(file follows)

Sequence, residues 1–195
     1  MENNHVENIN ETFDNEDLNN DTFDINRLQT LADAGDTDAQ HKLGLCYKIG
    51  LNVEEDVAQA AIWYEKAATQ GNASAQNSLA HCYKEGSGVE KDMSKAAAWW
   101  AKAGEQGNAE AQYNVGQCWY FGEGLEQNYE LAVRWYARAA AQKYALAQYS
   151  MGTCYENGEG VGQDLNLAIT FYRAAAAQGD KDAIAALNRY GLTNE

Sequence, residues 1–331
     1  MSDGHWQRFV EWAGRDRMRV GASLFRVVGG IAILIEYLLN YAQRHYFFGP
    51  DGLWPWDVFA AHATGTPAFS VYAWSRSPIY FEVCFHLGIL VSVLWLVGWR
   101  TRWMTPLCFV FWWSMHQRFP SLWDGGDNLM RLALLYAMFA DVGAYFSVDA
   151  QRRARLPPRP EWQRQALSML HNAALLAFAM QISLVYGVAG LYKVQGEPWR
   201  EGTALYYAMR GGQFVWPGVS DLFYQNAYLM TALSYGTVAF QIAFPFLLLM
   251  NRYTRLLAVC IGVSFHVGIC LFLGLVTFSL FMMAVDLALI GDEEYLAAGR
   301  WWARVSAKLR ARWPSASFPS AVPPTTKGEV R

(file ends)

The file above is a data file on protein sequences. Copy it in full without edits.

Sequence, residues 1–195
     1  MENNHVENIN ETFDNEDLNN DTFDINRLQT LADAGDTDAQ HKLGLCYKIG
    51  LNVEEDVAQA AIWYEKAATQ GNASAQNSLA HCYKEGSGVE KDMSKAAAWW
   101  AKAGEQGNAE AQYNVGQCWY FGEGLEQNYE LAVRWYARAA AQKYALAQYS
   151  MGTCYENGEG VGQDLNLAIT FYRAAAAQGD KDAIAALNRY GLTNE

Sequence, residues 1–331
     1  MSDGHWQRFV EWAGRDRMRV GASLFRVVGG IAILIEYLLN YAQRHYFFGP
    51  DGLWPWDVFA AHATGTPAFS VYAWSRSPIY FEVCFHLGIL VSVLWLVGWR
   101  TRWMTPLCFV FWWSMHQRFP SLWDGGDNLM RLALLYAMFA DVGAYFSVDA
   151  QRRARLPPRP EWQRQALSML HNAALLAFAM QISLVYGVAG LYKVQGEPWR
   201  EGTALYYAMR GGQFVWPGVS DLFYQNAYLM TALSYGTVAF QIAFPFLLLM
   251  NRYTRLLAVC IGVSFHVGIC LFLGLVTFSL FMMAVDLALI GDEEYLAAGR
   301  WWARVSAKLR ARWPSASFPS AVPPTTKGEV R